Prayer and Mosques
Prayer has been described as the act of communication by humans with the sacred or holy. The Islamic Qur'an is regarded as a book of prayers, as is the book of Psalms in the Bible, considered to be a meditation on biblical history turned into prayer. Prayer obviously takes as many forms as there are religions.
Muslims are expected to pray five times a day at definite times, wherever they happen to be. In addition to that practice, on Fridays all Muslim men are also expected to attend the mosque for the after-midday prayer. Friday is not an identifiable holy day in the manner that Christians and Jews, for instance, consider the Sabbath. In Islam, business may go on as usual before and after the midday prayers.
Islam teaches that the whole world is a mosque because a person can pray to God anywhere. Islam makes no distinction between what is sacred and the everyday; however, every mosque has an area with a water supply so that the devout may wash their hands, feet, and face before prayer. Muslims may use sand for washing if water isn't available.
The first mosques were modeled on Muhammad's place of worship, which was the courtyard of his house in Medina. The first mosques were just plots of earth marked out as sacred. At the mosque, the worshipers align themselves in rows, spaced so they may kneel and bow without touching those in front of them.
There is no prescribed architectural design for mosques. They generally have a minaret in an elevated place, usually a tower, for the crier or muezzin to proclaim the call to worship. The muezzin stands at either the door or side of a small mosque or on the minaret of a large mosque. He faces each of the four directions in turn: east, west, north, and south. To each direction, he cries:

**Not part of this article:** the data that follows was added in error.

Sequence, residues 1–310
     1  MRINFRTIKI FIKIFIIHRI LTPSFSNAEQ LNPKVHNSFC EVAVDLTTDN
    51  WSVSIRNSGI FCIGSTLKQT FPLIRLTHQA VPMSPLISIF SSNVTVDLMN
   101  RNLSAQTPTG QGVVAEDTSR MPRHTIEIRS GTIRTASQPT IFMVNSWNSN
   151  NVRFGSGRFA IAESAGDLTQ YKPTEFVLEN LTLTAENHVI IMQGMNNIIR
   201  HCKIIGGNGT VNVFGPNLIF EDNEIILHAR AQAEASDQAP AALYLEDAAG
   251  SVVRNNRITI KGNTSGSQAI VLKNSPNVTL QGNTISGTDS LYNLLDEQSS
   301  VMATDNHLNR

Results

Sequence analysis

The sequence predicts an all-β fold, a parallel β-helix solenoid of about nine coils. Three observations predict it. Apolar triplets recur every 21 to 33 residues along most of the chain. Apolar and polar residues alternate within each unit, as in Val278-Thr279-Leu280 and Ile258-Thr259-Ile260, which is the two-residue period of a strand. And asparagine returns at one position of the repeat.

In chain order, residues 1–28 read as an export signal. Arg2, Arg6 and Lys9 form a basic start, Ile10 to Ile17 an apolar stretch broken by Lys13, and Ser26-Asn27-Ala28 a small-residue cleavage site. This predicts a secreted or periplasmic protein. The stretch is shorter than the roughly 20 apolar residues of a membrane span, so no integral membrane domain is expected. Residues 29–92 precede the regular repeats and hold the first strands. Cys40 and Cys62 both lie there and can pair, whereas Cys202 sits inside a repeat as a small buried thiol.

Allah is most great.
I testify that there is no God but Allah.
I testify that Muhammad is the prophet of Allah.
Come to prayer.
Come to salvation.
Allah is most great.
There is no God but Allah.
The muezzin's call to worship is followed by the imam, who leads the community prayers, and then the khatib, who often preaches the Friday sermon. Sometimes the imam performs all three functions. The imam is not a priest; although he can't perform any rites, he usually conducts marriages and funerals. The imam generally acts as a leader of the local Muslim community and gives advice about Islamic law and customs. Imams are picked for their wisdom.
Islam does not use liturgical vestments in the way many religions do; instead, it has universal regulations governing dress. For example, all who enter a mosque must remove their footwear, and all individuals on a pilgrimage must wear the same habit, the hiram, and thus appear in holy places as a beggar.
Inside a mosque, no representations of Allah or humans, plants, or animals are allowed. Women who attend, particularly in America, should wear a head scarf (hijab) and avoid wearing jewelry, particularly any that might depict people or animals or Jewish or Christian religious imagery. Modesty should be the guiding factor; Muslim girls and women cover their hair completely.
While women may attend prayers in a mosque, they are seated in a separate area, often upstairs if there is one, in a gallery so that neither sex is distracted.
The imam — the title means the spiritual leader of the entire community — is an individual with religious training who is learned in the Koran. On Fridays, the leader often gives a sermon that addresses political and religious problems or points of interest.
All Muslim prayer is made facing Makkah (Mecca). When prayers are held congregationally, people stand in rows shoulder to shoulder with no gaps or reserved spaces. All are considered equal when standing before God. Muslim prayers are memorized; new members of the faith generally have someone to guide them until they commit the prayers to memory.